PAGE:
The lab investigates the pathogenic mechanisms of acute brain injuries, aiming at the identification of new therapeutic strategies for stroke and traumatic brain injured patients. The lab exploits in vitro and in vivo models of pathologies as well as patients’ specimens. The lab has significantly contributed to the comprehension of neuroinflammatory processes involved in stroke and traumatic brain injury, paving the way for developing new therapeutic strategies.
Stroke and traumatic brain injury: the role of the complement system
We have demonstrated that the lectin pathway of complement activation, an inflammatory cascade belonging to innate immunity, contributes to cerebral damage progression and that its inhibition is protective. The lectin pathway is a hub of vascular events, overall referred to as thromboinflammation. This research topic aims at defining the pathogenic mechanisms downstream to the lectin pathway in stroke and traumatic brain injury, in order to identify relevant therapeutic targets and to develop effective compounds to inhibit them.
Atherosclerotic processes: the role of the complement system
The progression and rupture of atherosclerotic plaques is a major risk factor for ischemic stroke. An early diagnose of plaque vulnerability, presently unavailable, would help prevent the neurological consequences and improve the therapy for atherosclerotic patients. The lab reported that the lectin pathway of complement activation contributes to the plaque evolution through thromboinflammatory processes. Based on these observations, this research topic is dedicated to the study of the complement system in atherosclerosis, aiming at identifying a biomarker for plaque vulnerability predictive of cerebrovascular events.
Targeting microglia in acute brain injury
Among the resident brain cells, microglia have a key role in the inflammatory reactions to acute injuries. Microglia alter neuronal functions releasing neurotoxic substances, or contribute to restorative and protective processes to re-establish cerebral homeostasis. These different functions are characterized by specific phenotypical and morphological profiles, largely depending on the temporal evolution of the cerebral lesion. This research topic’s purpose is to explore unknown microglia responses to cerebral damage evolution, offering reasons to modulate microglia towards their protective actions.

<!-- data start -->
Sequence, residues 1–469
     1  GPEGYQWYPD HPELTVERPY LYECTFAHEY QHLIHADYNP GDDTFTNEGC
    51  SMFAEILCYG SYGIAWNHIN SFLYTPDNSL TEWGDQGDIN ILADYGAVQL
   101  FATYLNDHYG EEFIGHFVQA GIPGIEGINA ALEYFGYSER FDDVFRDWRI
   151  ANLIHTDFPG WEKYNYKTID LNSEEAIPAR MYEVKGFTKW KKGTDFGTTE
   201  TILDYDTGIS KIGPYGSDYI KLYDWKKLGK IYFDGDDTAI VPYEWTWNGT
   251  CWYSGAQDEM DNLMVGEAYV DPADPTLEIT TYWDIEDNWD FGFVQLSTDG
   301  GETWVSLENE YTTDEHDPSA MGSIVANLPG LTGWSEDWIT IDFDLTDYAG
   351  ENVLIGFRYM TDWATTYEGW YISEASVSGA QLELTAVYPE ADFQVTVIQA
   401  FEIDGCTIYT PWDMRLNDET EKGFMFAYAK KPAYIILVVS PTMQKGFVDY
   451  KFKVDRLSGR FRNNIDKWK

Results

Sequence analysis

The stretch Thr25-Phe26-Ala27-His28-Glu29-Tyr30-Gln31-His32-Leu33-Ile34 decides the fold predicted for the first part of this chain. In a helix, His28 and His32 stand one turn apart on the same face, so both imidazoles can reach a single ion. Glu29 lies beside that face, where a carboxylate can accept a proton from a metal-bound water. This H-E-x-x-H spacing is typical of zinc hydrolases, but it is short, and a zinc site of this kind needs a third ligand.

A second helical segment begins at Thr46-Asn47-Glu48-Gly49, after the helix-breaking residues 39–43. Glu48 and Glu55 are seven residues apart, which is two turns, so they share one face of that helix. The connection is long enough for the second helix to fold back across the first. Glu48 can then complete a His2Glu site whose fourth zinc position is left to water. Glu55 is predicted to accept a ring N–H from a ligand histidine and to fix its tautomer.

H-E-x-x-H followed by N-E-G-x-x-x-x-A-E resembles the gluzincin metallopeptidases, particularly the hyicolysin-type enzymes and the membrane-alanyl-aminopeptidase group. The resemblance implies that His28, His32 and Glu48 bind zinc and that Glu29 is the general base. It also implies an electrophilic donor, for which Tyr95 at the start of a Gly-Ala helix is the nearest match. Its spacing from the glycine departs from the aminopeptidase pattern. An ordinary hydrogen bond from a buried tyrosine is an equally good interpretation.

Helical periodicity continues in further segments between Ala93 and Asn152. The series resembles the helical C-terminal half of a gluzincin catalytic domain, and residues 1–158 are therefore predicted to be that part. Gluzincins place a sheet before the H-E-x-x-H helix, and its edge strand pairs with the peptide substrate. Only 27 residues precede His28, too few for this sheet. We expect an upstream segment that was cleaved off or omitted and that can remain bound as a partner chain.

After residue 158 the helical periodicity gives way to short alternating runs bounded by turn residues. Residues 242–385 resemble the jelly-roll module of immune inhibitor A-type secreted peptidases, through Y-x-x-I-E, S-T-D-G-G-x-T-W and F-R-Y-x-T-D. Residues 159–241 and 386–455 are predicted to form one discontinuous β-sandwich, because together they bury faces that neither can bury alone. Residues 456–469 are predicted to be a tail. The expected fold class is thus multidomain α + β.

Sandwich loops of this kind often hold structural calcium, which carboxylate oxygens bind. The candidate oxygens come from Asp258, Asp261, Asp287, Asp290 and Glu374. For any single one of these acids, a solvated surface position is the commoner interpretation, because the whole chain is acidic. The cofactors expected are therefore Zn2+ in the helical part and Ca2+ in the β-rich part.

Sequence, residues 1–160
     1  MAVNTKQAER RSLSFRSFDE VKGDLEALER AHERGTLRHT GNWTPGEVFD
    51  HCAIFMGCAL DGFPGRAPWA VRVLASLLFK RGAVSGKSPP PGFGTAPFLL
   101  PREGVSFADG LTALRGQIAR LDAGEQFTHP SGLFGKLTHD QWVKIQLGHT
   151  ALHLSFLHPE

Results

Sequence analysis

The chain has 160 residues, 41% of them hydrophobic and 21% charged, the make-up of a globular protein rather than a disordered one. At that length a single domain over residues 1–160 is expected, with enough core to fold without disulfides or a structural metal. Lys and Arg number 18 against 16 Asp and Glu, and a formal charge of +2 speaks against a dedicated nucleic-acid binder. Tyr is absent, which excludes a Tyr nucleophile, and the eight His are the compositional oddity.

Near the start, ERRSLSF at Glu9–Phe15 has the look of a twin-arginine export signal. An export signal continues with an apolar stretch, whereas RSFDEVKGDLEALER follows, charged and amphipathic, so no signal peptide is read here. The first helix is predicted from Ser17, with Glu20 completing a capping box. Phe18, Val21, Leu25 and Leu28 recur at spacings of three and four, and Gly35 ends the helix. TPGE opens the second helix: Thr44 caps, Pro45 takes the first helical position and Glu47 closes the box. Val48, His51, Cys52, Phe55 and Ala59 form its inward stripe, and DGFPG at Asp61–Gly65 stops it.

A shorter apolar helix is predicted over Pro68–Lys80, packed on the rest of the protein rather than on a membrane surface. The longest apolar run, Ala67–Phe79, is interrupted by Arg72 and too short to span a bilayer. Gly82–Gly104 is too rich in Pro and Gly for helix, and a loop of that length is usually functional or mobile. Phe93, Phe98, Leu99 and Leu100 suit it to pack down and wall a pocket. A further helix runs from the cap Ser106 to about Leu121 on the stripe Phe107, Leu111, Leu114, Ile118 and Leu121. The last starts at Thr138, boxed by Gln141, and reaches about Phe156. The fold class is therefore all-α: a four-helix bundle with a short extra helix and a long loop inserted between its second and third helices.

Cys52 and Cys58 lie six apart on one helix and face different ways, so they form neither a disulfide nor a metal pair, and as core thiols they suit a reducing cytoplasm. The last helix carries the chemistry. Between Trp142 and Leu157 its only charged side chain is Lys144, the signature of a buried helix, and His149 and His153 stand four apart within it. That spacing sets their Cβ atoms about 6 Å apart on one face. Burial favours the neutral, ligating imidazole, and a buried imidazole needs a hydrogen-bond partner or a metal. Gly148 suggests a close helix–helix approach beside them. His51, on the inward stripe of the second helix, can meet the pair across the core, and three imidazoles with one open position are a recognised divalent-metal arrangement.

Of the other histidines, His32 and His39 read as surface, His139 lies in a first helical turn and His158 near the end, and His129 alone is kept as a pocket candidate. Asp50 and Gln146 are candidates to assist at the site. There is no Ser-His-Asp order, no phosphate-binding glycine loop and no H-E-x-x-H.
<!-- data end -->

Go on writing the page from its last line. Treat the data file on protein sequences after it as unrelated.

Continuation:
Brain imaging using advanced microscopy techniques
The advances of optical microscopy techniques allow to have three-dimensional images at high resolution with a temporal range. This offers a new view on pathophysiological mechanisms in neurobiology. This research topic is dedicated to the development of new imaging approaches, including: 1) in vivo two-photon microscopy, to visualize and quantify brain hemodynamics and brain-recruited immune cell motility; 2) optical superresolution, to study sub-cellular events like cytoskeleton re-arrangement and lysosomal trafficking; 3) white-field quantitative microscopy, to study vascular parameters, cellular morphology and protein expression.
International Consensus on Cardiopulmonary Resuscitation.